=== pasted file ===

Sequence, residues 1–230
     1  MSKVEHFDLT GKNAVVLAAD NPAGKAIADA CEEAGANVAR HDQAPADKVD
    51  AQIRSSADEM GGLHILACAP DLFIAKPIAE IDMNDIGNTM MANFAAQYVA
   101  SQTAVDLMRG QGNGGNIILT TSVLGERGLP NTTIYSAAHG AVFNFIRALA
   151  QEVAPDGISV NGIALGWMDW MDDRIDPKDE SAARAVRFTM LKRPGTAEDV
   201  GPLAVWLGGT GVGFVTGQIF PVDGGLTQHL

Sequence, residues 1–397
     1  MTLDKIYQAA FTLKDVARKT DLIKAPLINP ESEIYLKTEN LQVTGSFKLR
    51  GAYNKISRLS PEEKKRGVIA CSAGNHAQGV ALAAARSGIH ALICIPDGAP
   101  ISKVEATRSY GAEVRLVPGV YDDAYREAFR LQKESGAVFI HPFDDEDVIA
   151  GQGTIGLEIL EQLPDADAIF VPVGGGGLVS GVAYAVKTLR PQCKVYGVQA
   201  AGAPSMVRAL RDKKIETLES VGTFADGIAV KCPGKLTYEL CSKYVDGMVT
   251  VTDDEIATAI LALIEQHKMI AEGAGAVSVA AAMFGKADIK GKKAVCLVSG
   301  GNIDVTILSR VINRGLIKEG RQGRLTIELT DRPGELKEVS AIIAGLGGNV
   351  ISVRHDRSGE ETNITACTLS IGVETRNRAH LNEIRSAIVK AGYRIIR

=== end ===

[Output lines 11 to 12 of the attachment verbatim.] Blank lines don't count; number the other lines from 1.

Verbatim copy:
   151  GQGTIGLEIL EQLPDADAIF VPVGGGGLVS GVAYAVKTLR PQCKVYGVQA
   201  AGAPSMVRAL RDKKIETLES VGTFADGIAV KCPGKLTYEL CSKYVDGMVT